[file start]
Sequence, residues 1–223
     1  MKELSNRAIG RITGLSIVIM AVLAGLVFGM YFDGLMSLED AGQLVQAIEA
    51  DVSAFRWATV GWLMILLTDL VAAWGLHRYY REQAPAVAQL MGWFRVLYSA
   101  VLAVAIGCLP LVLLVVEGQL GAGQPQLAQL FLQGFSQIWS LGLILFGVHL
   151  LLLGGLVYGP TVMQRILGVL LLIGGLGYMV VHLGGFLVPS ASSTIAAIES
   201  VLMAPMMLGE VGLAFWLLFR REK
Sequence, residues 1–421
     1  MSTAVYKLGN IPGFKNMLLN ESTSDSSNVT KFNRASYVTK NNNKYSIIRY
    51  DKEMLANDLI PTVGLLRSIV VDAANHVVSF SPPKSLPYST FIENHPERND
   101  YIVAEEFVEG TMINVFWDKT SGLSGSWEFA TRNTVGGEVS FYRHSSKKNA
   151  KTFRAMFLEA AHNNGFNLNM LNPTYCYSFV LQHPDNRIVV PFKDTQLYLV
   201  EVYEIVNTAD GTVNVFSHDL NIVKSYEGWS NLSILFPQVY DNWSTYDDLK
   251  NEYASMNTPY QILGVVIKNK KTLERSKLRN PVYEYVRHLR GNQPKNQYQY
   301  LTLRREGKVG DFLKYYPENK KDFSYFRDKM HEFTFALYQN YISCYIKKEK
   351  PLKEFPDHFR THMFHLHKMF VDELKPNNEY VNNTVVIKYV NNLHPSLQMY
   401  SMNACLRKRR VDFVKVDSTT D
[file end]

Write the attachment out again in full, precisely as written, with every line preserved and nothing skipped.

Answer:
Sequence, residues 1–223
     1  MKELSNRAIG RITGLSIVIM AVLAGLVFGM YFDGLMSLED AGQLVQAIEA
    51  DVSAFRWATV GWLMILLTDL VAAWGLHRYY REQAPAVAQL MGWFRVLYSA
   101  VLAVAIGCLP LVLLVVEGQL GAGQPQLAQL FLQGFSQIWS LGLILFGVHL
   151  LLLGGLVYGP TVMQRILGVL LLIGGLGYMV VHLGGFLVPS ASSTIAAIES
   201  VLMAPMMLGE VGLAFWLLFR REK
Sequence, residues 1–421
     1  MSTAVYKLGN IPGFKNMLLN ESTSDSSNVT KFNRASYVTK NNNKYSIIRY
    51  DKEMLANDLI PTVGLLRSIV VDAANHVVSF SPPKSLPYST FIENHPERND
   101  YIVAEEFVEG TMINVFWDKT SGLSGSWEFA TRNTVGGEVS FYRHSSKKNA
   151  KTFRAMFLEA AHNNGFNLNM LNPTYCYSFV LQHPDNRIVV PFKDTQLYLV
   201  EVYEIVNTAD GTVNVFSHDL NIVKSYEGWS NLSILFPQVY DNWSTYDDLK
   251  NEYASMNTPY QILGVVIKNK KTLERSKLRN PVYEYVRHLR GNQPKNQYQY
   301  LTLRREGKVG DFLKYYPENK KDFSYFRDKM HEFTFALYQN YISCYIKKEK
   351  PLKEFPDHFR THMFHLHKMF VDELKPNNEY VNNTVVIKYV NNLHPSLQMY
   401  SMNACLRKRR VDFVKVDSTT D